Subpart D—Timing of Responses to Requests
§ 2.14 In what order are responses usually made?

The bureau ordinarily will respond to requests according to their order of receipt within their processing track.

§ 2.15 What is multitrack processing and how does it affect your request?

(a) The bureaus of the Department use processing tracks to distinguish simple requests from more complex ones on the basis of the estimated number of workdays needed to process the request.

(b) In determining the number of workdays needed to process the request, the bureau considers factors such as the number of pages involved in processing the request or the need for consultations.

(c) The basic processing tracks are designated as follows:

(1) Simple: requests in this track will take between one to five workdays to process;

(2) Normal: requests in this track will take between six to twenty workdays to process;

(3) Complex: requests in this track will take between twenty workdays and sixty workdays to process; or

(4) Exceptional/Voluminous: requests in this track involve very complex processing challenges, which may include a large number of potentially responsive records, and will take over sixty workdays to process.

(d) Bureaus also have a specific processing track for requests that are granted expedited processing under the standards in § 2.20.

(e) Bureaus must advise you of the track into which your request falls and,when appropriate, will offer you an opportunity to narrow your request so that it can be placed in a different processing track.

§ 2.16 What is the basic time limit for responding to a request?

(a) Ordinarily, the bureau has 20 workdays after the date of receipt to determine whether to grant or deny a FOIA request.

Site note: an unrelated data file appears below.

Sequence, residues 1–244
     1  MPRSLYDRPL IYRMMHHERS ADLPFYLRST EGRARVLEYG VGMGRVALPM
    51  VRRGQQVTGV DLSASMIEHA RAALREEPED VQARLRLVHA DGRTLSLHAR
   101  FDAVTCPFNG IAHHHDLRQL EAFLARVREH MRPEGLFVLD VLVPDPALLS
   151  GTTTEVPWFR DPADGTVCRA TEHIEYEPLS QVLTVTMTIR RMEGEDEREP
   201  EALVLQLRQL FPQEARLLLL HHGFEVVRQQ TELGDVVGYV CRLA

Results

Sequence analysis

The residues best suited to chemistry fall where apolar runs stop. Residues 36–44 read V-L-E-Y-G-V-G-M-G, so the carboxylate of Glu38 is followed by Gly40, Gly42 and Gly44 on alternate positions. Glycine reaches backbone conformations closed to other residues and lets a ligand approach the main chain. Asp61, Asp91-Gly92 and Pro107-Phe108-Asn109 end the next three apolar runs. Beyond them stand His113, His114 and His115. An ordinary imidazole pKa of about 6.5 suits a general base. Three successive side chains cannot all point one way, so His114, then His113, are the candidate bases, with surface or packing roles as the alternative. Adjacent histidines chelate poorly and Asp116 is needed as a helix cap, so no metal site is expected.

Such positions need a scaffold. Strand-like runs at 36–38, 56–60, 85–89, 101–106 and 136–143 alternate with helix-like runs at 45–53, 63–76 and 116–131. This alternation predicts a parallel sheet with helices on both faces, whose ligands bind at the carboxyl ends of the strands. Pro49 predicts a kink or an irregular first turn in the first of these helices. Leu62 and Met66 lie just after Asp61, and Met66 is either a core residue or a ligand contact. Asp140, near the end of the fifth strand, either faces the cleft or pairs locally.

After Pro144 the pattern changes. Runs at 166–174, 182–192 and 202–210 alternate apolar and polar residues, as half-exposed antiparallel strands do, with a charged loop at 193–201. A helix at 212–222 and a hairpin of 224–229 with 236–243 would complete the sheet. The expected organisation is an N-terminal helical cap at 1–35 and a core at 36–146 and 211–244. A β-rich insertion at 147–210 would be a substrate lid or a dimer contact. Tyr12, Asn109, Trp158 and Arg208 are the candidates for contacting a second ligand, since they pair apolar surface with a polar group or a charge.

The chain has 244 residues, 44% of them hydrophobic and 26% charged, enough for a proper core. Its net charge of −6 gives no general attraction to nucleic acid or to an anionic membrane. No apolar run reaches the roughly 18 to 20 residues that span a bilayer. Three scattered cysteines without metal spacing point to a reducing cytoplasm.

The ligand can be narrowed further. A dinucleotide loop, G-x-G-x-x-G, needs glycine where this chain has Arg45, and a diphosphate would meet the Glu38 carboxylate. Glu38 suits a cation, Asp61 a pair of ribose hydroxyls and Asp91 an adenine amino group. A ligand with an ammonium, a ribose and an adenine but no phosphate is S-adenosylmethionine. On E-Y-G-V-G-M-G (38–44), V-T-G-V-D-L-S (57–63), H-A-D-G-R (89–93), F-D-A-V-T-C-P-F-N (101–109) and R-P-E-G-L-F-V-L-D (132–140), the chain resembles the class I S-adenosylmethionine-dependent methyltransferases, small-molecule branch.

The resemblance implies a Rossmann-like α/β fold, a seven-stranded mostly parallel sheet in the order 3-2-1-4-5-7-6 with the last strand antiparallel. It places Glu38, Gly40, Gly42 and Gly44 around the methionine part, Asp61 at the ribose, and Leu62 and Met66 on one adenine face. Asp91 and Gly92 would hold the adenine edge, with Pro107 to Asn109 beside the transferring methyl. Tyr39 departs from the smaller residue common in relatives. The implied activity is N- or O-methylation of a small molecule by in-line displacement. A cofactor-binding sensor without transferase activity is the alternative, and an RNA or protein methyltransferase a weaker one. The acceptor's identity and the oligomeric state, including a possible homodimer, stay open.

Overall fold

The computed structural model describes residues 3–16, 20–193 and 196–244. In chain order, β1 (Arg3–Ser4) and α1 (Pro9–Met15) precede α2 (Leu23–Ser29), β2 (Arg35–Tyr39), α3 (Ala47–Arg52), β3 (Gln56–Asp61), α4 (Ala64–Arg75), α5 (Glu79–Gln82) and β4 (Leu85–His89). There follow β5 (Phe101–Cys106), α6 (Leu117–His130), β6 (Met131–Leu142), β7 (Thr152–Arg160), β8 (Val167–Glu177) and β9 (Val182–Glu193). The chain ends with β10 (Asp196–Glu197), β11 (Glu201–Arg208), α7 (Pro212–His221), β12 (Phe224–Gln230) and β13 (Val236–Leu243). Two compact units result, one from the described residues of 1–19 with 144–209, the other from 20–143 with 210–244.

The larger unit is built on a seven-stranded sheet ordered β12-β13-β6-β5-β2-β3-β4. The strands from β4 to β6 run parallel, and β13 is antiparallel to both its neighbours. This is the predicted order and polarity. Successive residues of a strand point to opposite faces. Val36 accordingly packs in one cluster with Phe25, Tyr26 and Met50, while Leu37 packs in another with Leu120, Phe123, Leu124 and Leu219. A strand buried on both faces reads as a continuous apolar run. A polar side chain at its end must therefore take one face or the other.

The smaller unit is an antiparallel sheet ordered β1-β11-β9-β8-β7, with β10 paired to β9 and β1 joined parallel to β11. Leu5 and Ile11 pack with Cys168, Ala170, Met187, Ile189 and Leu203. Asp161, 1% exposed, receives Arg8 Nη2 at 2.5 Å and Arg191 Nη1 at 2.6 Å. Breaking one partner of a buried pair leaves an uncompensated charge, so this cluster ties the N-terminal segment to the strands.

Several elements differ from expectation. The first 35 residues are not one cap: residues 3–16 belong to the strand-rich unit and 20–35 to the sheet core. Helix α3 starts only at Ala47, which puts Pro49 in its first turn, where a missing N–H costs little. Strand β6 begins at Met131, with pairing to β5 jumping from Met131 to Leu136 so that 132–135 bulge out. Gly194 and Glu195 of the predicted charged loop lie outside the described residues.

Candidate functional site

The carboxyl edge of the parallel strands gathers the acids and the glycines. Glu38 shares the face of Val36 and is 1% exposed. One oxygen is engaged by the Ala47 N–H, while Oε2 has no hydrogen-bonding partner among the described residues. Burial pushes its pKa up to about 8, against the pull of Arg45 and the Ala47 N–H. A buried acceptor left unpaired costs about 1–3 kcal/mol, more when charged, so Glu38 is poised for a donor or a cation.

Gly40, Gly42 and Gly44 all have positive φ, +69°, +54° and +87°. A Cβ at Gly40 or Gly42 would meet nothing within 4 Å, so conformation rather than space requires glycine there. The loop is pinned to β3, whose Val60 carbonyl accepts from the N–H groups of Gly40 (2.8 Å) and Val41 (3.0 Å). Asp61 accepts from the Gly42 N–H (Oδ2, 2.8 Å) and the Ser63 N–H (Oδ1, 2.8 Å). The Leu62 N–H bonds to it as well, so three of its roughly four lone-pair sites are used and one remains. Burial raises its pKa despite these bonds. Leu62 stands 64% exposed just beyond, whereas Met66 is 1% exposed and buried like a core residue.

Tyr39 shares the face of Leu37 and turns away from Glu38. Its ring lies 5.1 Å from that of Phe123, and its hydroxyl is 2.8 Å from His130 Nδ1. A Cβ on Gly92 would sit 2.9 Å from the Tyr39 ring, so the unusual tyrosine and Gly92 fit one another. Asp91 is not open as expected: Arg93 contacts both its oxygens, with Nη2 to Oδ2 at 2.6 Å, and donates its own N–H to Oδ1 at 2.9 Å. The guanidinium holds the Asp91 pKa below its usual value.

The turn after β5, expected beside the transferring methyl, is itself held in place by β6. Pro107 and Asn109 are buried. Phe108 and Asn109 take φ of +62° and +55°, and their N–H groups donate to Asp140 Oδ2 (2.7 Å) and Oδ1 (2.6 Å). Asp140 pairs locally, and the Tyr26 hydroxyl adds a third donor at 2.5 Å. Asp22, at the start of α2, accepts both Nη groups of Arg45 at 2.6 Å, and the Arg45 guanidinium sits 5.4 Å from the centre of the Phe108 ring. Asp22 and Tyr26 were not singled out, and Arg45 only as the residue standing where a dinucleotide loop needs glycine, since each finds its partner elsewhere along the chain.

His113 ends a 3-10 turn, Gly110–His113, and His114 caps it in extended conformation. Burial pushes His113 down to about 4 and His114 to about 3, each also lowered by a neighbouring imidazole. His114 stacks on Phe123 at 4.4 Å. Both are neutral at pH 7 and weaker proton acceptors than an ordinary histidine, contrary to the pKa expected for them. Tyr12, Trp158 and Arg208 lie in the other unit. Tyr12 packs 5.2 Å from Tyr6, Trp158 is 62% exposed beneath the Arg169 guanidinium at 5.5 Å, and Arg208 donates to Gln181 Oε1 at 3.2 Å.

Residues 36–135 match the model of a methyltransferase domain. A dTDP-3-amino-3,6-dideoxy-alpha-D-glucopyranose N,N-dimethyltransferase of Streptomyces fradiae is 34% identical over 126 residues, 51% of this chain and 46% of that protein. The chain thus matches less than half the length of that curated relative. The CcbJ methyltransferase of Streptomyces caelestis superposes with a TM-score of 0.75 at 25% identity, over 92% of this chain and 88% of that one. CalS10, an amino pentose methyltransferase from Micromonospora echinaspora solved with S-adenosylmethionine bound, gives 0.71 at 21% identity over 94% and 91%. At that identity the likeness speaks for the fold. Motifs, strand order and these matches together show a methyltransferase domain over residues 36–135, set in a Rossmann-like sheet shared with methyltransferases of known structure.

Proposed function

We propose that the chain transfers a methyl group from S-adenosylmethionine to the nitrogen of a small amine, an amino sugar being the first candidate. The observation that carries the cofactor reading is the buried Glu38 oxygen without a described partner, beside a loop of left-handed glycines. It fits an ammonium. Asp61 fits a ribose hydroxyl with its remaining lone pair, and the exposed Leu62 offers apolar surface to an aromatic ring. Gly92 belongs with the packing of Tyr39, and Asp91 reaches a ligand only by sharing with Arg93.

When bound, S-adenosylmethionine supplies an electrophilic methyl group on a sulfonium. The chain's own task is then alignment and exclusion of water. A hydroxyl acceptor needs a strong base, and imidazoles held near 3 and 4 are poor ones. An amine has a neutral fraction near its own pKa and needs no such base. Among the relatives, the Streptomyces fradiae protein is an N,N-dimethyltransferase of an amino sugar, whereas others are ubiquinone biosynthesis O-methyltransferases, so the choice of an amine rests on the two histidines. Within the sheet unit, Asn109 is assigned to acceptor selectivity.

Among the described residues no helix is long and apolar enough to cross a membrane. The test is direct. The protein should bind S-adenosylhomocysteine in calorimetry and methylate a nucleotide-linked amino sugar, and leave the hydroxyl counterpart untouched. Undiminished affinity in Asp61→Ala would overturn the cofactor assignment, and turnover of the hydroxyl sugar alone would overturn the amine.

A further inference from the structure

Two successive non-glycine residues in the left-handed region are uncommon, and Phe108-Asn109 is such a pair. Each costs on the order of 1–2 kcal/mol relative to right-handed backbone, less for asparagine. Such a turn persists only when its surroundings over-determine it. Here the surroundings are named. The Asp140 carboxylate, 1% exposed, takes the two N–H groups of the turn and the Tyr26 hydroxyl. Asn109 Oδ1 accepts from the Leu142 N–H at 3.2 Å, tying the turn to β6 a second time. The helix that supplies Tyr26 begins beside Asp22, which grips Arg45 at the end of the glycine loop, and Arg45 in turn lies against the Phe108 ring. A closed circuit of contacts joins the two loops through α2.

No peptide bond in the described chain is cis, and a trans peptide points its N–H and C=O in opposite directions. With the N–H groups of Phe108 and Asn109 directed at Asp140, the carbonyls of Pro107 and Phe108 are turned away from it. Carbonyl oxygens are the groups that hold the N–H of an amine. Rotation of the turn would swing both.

(b) A consultation or referral under § 2.13 does not restart the statutory time limit for responding to a request.

§ 2.17 When does the basic time limit begin for misdirected FOIA requests?

The basic time limit for a misdirected FOIA request begins no later than ten workdays after the date the request is first received by any component of the Department that is designated to receive FOIA requests.

§ 2.18 When can the bureau suspend the basic time limit?

(a) The basic time limit in § 2.16 may be temporarily suspended for the time it takes you to respond to one written communication from the bureau reasonably asking for clarifying information.

(b) The basic time limit in § 2.16 may also repeatedly be temporarily suspended for the time it takes you to respond to written communications from the bureau that are necessary to clarify issues regarding fee assessment (see § 2.51).

§ 2.19 When may the bureau extend the basic time limit?

(a) The bureau may extend the basic time limit if unusual circumstances exist. Before the expiration of the basic 20 workday time limit to respond, the bureau will notify you in writing of:

(1) The unusual circumstances involved; and

(2) The date by which it expects to complete processing the request.

(b) If the processing time will extend beyond a total of 30 workdays, the bureau will:

(1) Give you an opportunity to limit the scope of the request or agree to an alternative time period for processing; and

(2) Make available its FOIA Public Liaison (see § 2.66) to assist in resolving any disputes between you and the bureau.

(c) If the bureau extends the time limit under this section and you do not receive a response in that time period, you may consider the request denied and file an appeal under subpart H of this part.

(d) Your refusal to reasonably modify the scope of a request or arrange an alternative time frame for processing a request after being given the opportunity to do so may be considered for litigation purposes as a factor when determining whether exceptional circumstances exist.

§ 2.20 When will expedited processing be provided and how will it affect your request?

(a) The bureau will provide expedited processing upon request if you demonstrate to the satisfaction of the bureau that there is a compelling need for the records. The following circumstances demonstrate a compelling need: